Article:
Positive Music Place

Where are they now, and where were they then: Catching up with five great artists you’ve never heard of

Posted by dlockeretz on September 7, 2012

Perhaps the title of this post could use further explanation.

Ten years ago, I wrote for a website called Muses Muse.  I reviewed independently produced CDs by bands and singer/songwriters.  The CDs people sent me ran the gamut from completely amateurish to, “Christ, why aren’t these guys signed?”  In fact, the number of very talented artists out there who were, and still are, struggling for recognition, is kind of depressing.  It reminds me of the quote attributed to Hunter S. Thompson: “The music business is a cruel and shallow money trench, a long plastic hallway where thieves and pimps run free, and good men die like dogs. There’s also a negative side.”

That being said, I’m pleased to report that not only do I have fond memories of listening to the music of the five artists I present below, but that according to my research, they’re all still active in the music business or at least have a substantial online presence with music still available for purchase.   Maybe they haven’t become household names – but at least they haven’t become casualties.  If you’re tired of the radio and want to hear some cool new sounds, try these artists out for size.

BILL COLGATE is an example of how certain formats–such as the weather-beaten singer/songwriter who speaks up for Everyman–are still relevant if done well.  Since I reviewed his CD “When Dinosaurs Ruled The Earth”, he has independently produced two more records, and currently performs in and around his native Toronto under the name “Bill Colgate and the Urbane Guerillas.”

SHARON EDRY, now known as Sharon Goldman, breaks a lot of the stereotypes that people may have of the female singer-songwriter.  Independent without being militant, honest without being emotional, flirty without being cheap, her songs are among those rare ones that work the first time but also show staying power.  Here is my original review.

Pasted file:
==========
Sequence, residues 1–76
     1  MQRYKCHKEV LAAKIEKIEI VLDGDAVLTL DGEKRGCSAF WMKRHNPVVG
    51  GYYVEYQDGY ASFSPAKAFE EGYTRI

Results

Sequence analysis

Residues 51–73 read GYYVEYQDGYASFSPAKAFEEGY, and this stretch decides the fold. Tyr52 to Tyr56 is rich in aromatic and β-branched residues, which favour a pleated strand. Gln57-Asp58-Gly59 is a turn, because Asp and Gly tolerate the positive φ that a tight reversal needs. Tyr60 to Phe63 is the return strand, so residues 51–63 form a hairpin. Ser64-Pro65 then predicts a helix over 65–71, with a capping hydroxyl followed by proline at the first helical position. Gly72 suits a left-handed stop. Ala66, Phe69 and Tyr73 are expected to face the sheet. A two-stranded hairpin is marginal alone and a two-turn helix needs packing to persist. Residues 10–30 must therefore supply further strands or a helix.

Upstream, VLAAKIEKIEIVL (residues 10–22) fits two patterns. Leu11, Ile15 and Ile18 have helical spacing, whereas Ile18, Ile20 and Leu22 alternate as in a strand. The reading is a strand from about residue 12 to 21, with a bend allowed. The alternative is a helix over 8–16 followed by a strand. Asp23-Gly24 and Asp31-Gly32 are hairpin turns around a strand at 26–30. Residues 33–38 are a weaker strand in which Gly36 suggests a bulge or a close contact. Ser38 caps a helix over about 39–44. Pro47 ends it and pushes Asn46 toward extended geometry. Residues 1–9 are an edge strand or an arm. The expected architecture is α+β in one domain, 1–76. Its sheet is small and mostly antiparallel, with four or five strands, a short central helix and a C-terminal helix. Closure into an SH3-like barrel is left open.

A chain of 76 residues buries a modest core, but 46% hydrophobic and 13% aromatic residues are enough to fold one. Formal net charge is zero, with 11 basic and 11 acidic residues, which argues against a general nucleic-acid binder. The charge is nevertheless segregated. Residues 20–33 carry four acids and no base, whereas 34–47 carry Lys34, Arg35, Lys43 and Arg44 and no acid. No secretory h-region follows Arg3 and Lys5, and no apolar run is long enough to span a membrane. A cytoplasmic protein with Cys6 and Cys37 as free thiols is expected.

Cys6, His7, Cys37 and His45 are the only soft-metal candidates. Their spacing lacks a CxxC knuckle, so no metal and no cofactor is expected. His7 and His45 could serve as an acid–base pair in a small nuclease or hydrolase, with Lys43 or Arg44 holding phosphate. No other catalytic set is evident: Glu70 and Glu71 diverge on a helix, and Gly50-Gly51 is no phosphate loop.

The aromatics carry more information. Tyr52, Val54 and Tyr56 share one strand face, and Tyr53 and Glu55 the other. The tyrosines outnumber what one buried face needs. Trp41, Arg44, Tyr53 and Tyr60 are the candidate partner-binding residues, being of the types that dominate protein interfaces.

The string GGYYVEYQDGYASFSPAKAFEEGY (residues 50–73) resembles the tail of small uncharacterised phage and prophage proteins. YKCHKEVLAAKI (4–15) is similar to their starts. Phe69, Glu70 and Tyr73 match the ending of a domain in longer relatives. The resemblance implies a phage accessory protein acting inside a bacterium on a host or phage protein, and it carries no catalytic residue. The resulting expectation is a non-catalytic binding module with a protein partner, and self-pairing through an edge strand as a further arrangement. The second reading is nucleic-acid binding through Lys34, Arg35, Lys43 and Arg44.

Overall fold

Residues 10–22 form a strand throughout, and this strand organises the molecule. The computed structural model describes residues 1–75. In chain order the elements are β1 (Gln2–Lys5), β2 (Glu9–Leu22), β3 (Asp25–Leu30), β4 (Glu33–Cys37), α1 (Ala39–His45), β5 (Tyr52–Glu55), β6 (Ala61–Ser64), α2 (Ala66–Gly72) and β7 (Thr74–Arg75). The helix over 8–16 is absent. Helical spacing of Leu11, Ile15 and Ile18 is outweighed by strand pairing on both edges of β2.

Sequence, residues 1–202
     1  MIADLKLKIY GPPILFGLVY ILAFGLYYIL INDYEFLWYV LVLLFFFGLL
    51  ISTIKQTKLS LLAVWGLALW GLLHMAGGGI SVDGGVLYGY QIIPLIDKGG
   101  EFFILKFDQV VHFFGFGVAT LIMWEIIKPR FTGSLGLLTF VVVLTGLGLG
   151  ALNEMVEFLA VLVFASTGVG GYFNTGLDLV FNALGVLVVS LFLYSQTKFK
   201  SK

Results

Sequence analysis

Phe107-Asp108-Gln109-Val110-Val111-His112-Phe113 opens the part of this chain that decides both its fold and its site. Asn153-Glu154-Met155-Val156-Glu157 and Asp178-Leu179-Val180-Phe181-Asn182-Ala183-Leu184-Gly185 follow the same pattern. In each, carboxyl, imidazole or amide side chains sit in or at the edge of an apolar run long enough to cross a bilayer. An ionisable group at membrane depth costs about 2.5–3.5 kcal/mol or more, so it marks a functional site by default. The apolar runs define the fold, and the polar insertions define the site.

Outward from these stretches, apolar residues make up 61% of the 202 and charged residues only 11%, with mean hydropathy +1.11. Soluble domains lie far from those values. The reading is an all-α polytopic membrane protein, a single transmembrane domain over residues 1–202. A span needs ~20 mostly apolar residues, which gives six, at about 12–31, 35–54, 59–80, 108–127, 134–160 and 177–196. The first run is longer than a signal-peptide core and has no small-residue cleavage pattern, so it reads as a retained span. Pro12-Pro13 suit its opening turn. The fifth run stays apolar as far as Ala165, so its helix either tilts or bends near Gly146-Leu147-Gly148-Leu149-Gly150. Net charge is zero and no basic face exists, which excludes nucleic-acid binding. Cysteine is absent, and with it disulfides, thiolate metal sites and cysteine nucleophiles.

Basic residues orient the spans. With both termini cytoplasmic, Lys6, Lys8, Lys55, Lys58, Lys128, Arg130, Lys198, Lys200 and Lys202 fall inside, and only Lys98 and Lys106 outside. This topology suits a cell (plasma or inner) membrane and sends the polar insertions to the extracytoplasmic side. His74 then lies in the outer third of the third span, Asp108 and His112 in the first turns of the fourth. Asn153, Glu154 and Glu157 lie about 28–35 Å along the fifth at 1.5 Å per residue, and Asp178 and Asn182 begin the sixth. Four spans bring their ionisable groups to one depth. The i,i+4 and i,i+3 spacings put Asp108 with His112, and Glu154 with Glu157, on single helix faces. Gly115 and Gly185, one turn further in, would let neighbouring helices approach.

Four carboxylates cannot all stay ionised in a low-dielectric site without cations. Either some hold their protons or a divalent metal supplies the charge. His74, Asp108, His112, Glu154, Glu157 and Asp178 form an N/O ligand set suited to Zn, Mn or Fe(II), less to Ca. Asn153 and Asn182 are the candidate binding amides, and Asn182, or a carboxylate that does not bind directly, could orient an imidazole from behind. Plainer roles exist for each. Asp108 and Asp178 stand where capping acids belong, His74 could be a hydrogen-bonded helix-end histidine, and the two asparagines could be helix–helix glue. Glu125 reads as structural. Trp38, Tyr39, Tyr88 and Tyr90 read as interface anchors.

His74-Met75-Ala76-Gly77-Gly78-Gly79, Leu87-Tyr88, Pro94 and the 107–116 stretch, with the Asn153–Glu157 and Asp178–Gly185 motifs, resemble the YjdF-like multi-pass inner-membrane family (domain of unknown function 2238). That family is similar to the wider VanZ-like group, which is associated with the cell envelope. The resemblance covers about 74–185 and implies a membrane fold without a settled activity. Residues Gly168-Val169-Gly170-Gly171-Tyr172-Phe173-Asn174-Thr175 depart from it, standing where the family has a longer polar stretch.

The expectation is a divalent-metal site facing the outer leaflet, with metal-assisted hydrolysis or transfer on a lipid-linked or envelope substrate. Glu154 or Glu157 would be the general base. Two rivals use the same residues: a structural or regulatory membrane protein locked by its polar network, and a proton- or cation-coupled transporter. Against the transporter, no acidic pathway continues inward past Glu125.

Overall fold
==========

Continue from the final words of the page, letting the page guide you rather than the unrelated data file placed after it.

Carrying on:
FRANK EMERSON will likely never have his songs featured on “Teen Mom” or “Say Yes to the Dress”, but that doesn’t mean he’s not worth a listen.   Part Troubadour, part Irish tenor, part storyteller, Emerson keeps traditional music alive, performing regularly throughout the Southeast.  Here is my original review of his CD.

PRIME TIME SUBLIME, also known as the Prime Time Sublime Community Orchestra (stylized as tPsCO), is a nice antidote for any listeners who feel as if they’ve heard it all.  Their mix of virtually every form of music known to man doesn’t always work, but it’s very entertaining.  Part John Zorn, part They Might Be Giants, part King Crimson, part Plastic Ono Band, part John Cage, tPsCO hasn’t released any new material since 2005, but since they still have a large online presence and their recordings are still available, they have been included on this list.  I mean, how can I not acknowledge the genius of a band who has a song called “Hannibal Lechter’s BBQ”?  Here is my original review.

CHRIS YURCHUCK describes his music as “country songs for non-country folks”, referring to the fact that while his music has a country feel, it also shows the influences of the top-40 and classic rock on which he grew up.  The universal appeal of Yurchuck’s music is evident in his having achieved placements on a wide variety of TV shows.  Here is my original review of his CD.

My other Muses Muse reviews –  favorable and unfavorable – can be seen here.

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